Only Unadulterated Honey May Be Sold In Florida
LABELLE, FL. -- Florida Agriculture and Consumer Services Commissioner Charles H. Bronson today announced that his department has instituted the first regulation in the nation - and perhaps the world - prohibiting any additives, chemicals or adulterants in honey that is produced, processed or sold in Florida. The regulation, which takes effect July 14, provides the first-ever "Standard of Identity" for honey.
Bronson said, "Too often in the past, honey has been cut with water or sugar, and sometimes even contaminated with insecticides or antibiotics. In the future, when you're paying for honey in this state, pure honey is what you will get."
Under terms of the new regulation, honey containing anything other than the "natural food product resulting from the harvest of nectar by honeybees" is considered an adulterated or mislabeled product. Such products are subject to a "stop sale" order in which a manufacturer, processor or merchant would be served with an order prohibiting the product's sale. Repeat offenders would face fines of up to $500 per violation.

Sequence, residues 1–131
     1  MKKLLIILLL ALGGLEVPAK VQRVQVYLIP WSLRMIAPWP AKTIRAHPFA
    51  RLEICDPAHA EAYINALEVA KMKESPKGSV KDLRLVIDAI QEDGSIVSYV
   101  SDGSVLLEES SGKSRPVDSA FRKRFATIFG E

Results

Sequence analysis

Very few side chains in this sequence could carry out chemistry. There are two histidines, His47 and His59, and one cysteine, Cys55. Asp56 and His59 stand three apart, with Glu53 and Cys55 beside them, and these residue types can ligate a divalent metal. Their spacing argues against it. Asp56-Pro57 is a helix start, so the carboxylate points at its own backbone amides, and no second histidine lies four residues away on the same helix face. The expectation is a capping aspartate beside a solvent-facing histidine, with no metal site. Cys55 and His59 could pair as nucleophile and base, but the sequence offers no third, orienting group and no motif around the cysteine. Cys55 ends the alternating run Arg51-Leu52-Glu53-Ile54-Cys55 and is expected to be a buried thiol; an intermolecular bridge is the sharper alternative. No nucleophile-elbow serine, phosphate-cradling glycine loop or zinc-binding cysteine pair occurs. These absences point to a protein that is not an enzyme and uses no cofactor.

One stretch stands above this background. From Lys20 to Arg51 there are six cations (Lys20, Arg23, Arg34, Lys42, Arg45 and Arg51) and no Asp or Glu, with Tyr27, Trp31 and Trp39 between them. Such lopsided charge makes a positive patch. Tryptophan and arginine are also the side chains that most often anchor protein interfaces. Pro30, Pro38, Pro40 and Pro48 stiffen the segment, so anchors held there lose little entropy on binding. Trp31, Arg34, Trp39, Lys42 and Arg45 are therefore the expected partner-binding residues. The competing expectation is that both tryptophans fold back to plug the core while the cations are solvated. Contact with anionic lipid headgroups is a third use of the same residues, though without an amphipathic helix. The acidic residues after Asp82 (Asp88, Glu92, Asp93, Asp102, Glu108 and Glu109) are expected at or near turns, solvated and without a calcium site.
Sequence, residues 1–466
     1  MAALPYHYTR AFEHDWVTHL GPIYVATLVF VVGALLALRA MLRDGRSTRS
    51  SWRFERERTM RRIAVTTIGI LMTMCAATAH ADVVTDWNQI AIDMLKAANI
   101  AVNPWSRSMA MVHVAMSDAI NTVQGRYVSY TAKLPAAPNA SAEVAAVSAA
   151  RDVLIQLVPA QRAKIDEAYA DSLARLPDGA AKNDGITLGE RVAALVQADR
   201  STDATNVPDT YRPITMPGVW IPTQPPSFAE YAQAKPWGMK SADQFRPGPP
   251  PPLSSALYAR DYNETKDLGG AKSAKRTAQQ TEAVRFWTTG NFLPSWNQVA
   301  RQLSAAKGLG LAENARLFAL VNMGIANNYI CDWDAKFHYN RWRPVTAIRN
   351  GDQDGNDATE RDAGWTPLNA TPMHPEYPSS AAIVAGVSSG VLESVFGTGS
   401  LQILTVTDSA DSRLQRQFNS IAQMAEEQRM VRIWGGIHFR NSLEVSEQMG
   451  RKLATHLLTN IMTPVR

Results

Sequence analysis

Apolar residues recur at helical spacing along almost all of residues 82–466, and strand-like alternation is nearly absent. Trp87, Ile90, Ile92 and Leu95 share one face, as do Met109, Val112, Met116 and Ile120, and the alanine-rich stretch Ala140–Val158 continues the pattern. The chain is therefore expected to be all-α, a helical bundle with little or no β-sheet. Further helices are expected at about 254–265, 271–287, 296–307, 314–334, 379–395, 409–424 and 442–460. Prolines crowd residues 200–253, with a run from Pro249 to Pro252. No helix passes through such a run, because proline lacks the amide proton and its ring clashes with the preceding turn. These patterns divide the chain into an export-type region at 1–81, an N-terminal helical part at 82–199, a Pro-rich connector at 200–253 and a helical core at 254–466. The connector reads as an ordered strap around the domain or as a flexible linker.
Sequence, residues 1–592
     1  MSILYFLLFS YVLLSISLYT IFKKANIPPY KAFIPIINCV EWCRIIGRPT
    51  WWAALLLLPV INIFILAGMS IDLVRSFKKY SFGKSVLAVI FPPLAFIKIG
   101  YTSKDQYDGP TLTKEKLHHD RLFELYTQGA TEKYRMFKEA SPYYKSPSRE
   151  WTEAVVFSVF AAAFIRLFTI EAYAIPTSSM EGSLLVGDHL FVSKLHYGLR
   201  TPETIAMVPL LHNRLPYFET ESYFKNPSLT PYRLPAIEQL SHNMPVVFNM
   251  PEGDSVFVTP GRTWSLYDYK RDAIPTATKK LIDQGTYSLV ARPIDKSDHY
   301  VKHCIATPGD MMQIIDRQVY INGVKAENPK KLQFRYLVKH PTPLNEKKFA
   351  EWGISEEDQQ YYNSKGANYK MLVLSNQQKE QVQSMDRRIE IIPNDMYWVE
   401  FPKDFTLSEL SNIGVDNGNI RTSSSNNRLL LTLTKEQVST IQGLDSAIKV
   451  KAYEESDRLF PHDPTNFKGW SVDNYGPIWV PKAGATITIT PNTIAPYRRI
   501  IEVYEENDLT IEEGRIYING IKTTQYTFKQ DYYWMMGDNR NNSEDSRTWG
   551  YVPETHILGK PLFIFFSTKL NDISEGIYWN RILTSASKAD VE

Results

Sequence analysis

Florida is the fourth-leading honey producing state in the country with cash receipts to beekeepers of more than $15 million in 2008 and an industry that has an economic impact estimated at $40 million a year. It employs more than 500 Floridians.
As a result of a flood of adulterated honey from overseas into Florida in 2006, a petition was submitted to the U.S. Food and Drug Administration (FDA) later that year by five major honey producers and processors, asking the federal agency to establish a U.S. standard of identity for honey. Two years later, the FDA responded that due to other pressing matters, it would be unable to review the petition.
At that point, the industry asked Bronson's department if it would consider developing a standard of identity for the product, and today's announcement is the culmination of that effort.
Bronson noted that despite efforts in various quarters, international governing bodies have to date been unable to establish an international definition of or standard of identity for honey, making it likely that Florida's regulation governing honey may be the first of its kind anywhere.